"One person who has spoken candidly about this is Bishop Desmond Tutu of South Africa, who was awarded the 1984 Nobel Peace Prize. Addressing an audience in Boston, he said: "But you know as well as I do that, somehow, the Israeli government is placed on a pedestal [in the US], and to criticize it is to be immediately dubbed anti-Semitic ... People are scared in this country, to say wrong is wrong because the Jewish lobby is powerful -- very powerful."[1]

"Two well-known Jewish writers, Seymour Lipset and Earl Raab, point"ed out in their book, Jews and the New American Scene: "During the last three decades Jews [in the United States] have made up 50 percent of the top two hundred intellectu"als... 20 percent of professors at the leading universities ... 40 percent of partners in the leading law firms in New York and Washington ... 59 percent of the directors, writ"ers, and producers of the 50 top-grossing motion pictures from 1965 to 1982, and 58 percent of directors, writers, and producers in two or more primetime television series."[1]

This article tells how compelling Jewish lobby groups and political elites are in getting their concerns catered and desires favored due to their numerical superiority, in which are sourced from being the most influential and powerful people collectively. This is why mandatory voting's impact is needed. The impact of this policy is to seismically level the playing field when it comes to magnetizing votes. Since, the policy renders any sly and unfair tactics undeployable, saving the marginalized groups of political inequalities.

III. Voting is a civic duty.
Voting is more than just a right. It is a civic duty that should be exercised every election. It is a duty for the people to erect a new government with which a reciprocated benefit takes place, citizens vote, elected officials serve. This beneficial mutuality is analogous to taxes. We pay taxes to experience the privileges the government provides. Once we fail to, are we still deserving of its services? I think not. And, that would certainly speak the same for voting the future ruling government. Moreover, MV as a duty is also a tool that when utilized, strengthens yet again, the democracy of the nation. Abiding a civic responsibility constitutes firm discipline, undebased reverence, and trust, that our government will reciprocate what we put forth for its legitimacy and power.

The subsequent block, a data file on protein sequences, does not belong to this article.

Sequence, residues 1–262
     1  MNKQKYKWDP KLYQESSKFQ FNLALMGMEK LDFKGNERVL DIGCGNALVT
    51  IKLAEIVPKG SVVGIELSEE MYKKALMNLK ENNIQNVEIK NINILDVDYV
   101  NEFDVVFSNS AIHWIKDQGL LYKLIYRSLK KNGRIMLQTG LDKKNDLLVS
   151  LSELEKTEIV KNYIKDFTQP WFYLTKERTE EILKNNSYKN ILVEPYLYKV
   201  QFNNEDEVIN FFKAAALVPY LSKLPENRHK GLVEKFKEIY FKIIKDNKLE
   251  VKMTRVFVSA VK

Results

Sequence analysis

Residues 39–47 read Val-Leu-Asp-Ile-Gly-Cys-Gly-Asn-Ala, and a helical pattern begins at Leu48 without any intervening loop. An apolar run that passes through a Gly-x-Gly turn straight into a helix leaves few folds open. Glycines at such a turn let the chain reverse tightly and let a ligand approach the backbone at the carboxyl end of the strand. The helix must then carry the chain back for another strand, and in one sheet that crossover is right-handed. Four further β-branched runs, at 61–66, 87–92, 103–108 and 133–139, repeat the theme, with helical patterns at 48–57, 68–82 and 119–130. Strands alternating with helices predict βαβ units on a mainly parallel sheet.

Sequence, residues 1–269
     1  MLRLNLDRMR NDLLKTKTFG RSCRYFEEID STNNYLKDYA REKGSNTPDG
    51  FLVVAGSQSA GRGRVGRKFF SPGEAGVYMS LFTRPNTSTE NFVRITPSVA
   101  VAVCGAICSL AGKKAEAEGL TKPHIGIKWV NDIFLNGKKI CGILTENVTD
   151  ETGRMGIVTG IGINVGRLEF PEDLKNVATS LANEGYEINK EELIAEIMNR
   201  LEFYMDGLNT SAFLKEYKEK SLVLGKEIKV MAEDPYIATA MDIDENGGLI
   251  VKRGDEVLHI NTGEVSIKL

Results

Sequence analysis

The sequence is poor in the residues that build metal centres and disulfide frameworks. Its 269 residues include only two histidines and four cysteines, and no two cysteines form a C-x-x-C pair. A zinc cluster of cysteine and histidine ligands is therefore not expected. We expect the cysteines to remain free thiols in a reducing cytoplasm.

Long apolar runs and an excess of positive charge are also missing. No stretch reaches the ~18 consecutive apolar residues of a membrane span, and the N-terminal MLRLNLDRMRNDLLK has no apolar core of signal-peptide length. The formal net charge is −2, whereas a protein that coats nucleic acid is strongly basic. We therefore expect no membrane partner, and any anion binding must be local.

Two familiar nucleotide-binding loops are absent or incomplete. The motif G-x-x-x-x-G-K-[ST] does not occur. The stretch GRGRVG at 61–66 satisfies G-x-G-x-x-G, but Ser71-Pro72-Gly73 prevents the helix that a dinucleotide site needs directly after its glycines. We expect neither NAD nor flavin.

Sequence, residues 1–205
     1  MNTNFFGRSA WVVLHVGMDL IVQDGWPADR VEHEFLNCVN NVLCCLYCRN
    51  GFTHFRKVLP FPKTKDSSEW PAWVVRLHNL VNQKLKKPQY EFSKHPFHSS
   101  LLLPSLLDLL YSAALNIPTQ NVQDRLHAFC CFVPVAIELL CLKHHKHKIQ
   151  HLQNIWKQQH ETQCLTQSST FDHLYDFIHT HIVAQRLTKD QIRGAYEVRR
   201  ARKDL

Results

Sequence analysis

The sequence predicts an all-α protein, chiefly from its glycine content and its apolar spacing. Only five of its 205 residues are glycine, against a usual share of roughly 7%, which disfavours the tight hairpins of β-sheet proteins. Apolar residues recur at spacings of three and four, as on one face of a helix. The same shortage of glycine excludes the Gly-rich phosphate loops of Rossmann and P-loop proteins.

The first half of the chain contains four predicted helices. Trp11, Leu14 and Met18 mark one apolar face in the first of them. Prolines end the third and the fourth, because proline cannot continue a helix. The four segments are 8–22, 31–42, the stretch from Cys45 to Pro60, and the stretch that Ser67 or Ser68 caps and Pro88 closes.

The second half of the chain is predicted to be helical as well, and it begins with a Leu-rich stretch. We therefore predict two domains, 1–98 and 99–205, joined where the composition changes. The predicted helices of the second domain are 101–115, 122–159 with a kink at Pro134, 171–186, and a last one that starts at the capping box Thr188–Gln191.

IV. MV increases voter's political knowledge.

Political engagement encourages political knowledge. The curiosity and call to rationalization moves the voter to explore the depths of political knowledge. There may be less knowledgeable and savvy voters, but people will be forced to think rationally the minute they fill up the ballot. And, most of the time, adults get to hear anecodotes and personal experiences regarding the candidate's attitude and track history. So, to deny the onset of disseminating news, and divulged political views, is to deny the intrinsic societal stimuli during a period of election. In the majority of cases, political knowledge doesn't pose a grave threat to the end results. But, implementing MV would pose a threat to social biases ever-present in countries that follow a voluntary voting system.

According to the Comparative Study of Electoral Systems (CSES) project, in which data came from 133 election studies, held in 47 countries between 1996 and 2013 states: